13. Depression and Multiple Sclerosis

  1. Andres M. Kanner MD4,5,6
  1. Dana J. Serafin BS1,
  2. Deborah M. Weisbrot MD2 and
  3. Alan B. Ettinger MD3

Published Online: 4 JUL 2012

DOI: 10.1002/9781118348093.ch13

Depression in Neurologic Disorders: Diagnosis and Management

Depression in Neurologic Disorders: Diagnosis and Management

How to Cite

Serafin, D. J., Weisbrot, D. M. and Ettinger, A. B. (2012) Depression and Multiple Sclerosis, in Depression in Neurologic Disorders: Diagnosis and Management (ed A. M. Kanner), Wiley-Blackwell, Oxford, UK. doi: 10.1002/9781118348093.ch13

Editor Information

  1. 4

    Departments of Neurological Sciences and Psychiatry, Rush Medical College at Rush University, Chicago, IL, USA

  2. 5

    Laboratory of EEG and Video-EEG-Telemetry, Chicago, IL, USA

  3. 6

    Section of Epilepsy and Rush Epilepsy Center, Rush University Medical Center, Chicago, IL, USA

Author Information

  1. 1

    Department of Neurology, Stony Brook University Medical Center, Stony Brook, NY, USA

  2. 2

    Department of Psychiatry and Behavioral Sciences, Stony Brook University Medical Center, Stony Brook, NY, USA

  3. 3

    Neurological Surgery P.C., Lake Success, NY, USA

Publication History

  1. Published Online: 4 JUL 2012
  2. Published Print: 24 AUG 2012

ISBN Information

Print ISBN: 9781444330588

Online ISBN: 9781118348093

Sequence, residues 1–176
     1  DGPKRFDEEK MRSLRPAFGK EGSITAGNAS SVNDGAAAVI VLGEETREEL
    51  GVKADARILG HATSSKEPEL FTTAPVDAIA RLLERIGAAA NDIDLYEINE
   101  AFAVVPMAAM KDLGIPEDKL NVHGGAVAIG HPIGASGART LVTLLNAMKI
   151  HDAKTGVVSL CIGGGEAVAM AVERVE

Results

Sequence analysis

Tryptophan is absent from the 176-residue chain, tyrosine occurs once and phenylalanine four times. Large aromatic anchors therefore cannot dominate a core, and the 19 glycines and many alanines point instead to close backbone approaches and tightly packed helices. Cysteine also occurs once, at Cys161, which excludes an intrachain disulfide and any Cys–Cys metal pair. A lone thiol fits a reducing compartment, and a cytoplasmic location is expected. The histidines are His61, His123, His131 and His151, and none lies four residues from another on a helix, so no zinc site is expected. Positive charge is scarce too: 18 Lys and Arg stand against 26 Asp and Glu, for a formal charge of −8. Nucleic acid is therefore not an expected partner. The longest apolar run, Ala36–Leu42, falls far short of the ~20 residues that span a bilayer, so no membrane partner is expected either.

SEARCH

Keywords:

  • multiple sclerosis;
  • depression;
  • etiology;
  • suicide;
  • fatigue;
  • cognition;
  • assessment;
  • treatment

Summary

Individuals with multiple sclerosis (MS) suffer from depression at rates that are much higher than those of healthy individuals and even those with other neurologic conditions. Nonetheless, depression in MS is often underrecognized and undertreated. Recent research has revealed that depression in MS is associated with specific immunopathological alterations and brain changes seen using magnetic resonance imaging (MRI). Individuals with MS have significantly higher rates of suicide than are found in the general population. Depression is a highly treatable condition, and it is essential for the clinician to be alert to the possibility of its occurrence in patients with MS. Patients with symptoms of depression should be referred for immediate psychiatric evaluation.